The film's atmosphere is compelling, and another strength is that it is self-critical. These officers offer candid observations, not only assessing the politicians they served, but also their own predecessors' mishandling of famous events. More than that, they acknowledge that the Palestinians have a opposing narrative. One official expresses his difficulty in sitting with terrorists for peace talks, but recalls that the Palestinian at that table called him a terrorist. Thus, he states, one man's terrorist is another man's freedom fighter.
The security overlords recount how, over the years, Israel wanted peace, but received more terror, while the Palestinians wanted a state, but received more settlers. This film is not the usual chronicle of Israeli victimization at the hands of Palestinians savages. Rather, it explores what Israel can do, and needs to do, to achieve a lasting peace and stability.
In this otherwise emotionally sterile film, the most dramatic discussions involve the rise of the right wing among the Israeli settlers in the occupied territories. Their proliferation and increasing hostility, and the slap-on-the-wrist punishments they received, were an open secret, but their rage was unleashed with the Oslo Accords. The officers launch the most surprising criticism, against Benjamin Netanyahu, all but blaming him for inciting the killing of Yitzhak Rabin, whose murder by a far-right Israeli extremist changed the way these officers looked at their nation. All it took was one punk with a gun to derail the peace process.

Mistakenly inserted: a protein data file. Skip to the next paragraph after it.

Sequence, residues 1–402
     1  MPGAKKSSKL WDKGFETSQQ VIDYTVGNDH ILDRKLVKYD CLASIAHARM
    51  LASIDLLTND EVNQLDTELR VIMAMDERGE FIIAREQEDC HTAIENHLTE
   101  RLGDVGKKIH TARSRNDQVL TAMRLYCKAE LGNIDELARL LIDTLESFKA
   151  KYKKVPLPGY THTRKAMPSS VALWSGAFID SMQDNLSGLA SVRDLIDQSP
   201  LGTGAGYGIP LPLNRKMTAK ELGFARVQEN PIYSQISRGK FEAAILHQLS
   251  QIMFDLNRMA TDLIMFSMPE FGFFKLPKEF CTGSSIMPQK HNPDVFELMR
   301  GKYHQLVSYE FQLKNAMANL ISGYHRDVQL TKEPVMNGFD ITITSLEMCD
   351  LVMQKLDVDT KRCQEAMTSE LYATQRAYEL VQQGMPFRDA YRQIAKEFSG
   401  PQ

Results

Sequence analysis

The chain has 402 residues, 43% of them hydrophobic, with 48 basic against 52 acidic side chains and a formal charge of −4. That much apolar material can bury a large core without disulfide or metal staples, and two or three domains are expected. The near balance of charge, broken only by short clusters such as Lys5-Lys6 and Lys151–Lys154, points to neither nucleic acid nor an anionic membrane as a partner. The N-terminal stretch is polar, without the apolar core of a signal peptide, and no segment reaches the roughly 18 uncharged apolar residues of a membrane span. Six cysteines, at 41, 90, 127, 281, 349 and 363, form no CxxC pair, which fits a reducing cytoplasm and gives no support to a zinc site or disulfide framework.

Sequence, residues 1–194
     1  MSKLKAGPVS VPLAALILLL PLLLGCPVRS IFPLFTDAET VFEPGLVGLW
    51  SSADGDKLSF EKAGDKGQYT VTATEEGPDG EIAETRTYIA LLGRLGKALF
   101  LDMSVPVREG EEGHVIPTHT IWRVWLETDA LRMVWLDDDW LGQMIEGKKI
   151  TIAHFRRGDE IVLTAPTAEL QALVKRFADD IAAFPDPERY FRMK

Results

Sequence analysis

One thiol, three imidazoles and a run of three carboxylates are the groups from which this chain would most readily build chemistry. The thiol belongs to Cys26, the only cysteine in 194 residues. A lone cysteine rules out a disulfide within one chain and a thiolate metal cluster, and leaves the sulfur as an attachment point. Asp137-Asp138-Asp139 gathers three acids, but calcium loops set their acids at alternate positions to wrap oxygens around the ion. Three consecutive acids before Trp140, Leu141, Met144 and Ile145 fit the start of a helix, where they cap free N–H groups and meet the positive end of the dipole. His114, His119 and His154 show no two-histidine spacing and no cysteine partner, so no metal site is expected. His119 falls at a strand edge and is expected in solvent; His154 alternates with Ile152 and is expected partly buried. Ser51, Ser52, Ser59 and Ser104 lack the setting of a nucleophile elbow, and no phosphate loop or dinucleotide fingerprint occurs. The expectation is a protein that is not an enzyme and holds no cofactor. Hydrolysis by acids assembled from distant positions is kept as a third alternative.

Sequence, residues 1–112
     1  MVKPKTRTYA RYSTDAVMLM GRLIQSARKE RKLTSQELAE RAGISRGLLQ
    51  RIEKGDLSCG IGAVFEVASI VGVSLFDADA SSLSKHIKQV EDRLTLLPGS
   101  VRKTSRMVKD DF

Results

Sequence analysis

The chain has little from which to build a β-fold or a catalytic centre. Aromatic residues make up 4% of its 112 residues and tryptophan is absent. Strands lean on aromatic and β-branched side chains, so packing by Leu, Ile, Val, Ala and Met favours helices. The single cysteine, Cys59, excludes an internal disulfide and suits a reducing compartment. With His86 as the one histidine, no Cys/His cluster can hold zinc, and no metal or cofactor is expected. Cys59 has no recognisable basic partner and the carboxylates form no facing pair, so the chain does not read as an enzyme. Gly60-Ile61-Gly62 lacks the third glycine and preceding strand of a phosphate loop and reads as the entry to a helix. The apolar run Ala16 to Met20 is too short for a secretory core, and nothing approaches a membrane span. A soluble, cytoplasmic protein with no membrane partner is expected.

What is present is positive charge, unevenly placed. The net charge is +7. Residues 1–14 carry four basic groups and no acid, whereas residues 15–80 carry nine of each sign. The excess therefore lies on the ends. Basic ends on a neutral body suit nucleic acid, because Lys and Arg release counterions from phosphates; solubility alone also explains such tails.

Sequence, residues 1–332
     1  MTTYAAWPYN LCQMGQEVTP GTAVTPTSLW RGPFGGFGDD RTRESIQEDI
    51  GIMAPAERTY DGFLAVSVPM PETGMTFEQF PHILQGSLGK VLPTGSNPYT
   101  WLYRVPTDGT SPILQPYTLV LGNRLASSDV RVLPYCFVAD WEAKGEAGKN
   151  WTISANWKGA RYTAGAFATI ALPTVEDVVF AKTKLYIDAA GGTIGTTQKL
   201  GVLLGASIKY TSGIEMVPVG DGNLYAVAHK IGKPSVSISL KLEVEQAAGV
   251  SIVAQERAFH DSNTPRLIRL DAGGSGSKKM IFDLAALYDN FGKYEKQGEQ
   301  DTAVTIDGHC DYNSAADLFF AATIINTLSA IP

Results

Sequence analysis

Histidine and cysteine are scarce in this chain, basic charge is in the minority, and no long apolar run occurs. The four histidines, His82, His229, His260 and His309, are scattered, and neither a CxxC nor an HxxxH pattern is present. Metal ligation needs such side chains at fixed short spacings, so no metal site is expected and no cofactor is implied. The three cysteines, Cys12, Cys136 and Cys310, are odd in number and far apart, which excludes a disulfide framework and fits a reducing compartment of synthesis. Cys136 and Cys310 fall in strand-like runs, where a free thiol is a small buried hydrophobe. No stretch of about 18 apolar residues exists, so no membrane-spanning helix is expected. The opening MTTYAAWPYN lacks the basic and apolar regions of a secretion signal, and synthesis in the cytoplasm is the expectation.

After that, the Shin Bet changed its strategies, quietly working with Palestinian officers on security matters. But the Palestinians do not cooperate just to help Israeli security, but because they legitimately believe they will soon have a state of their own. Each time they fail to stop violence, their dreams of a state remain unfulfilled.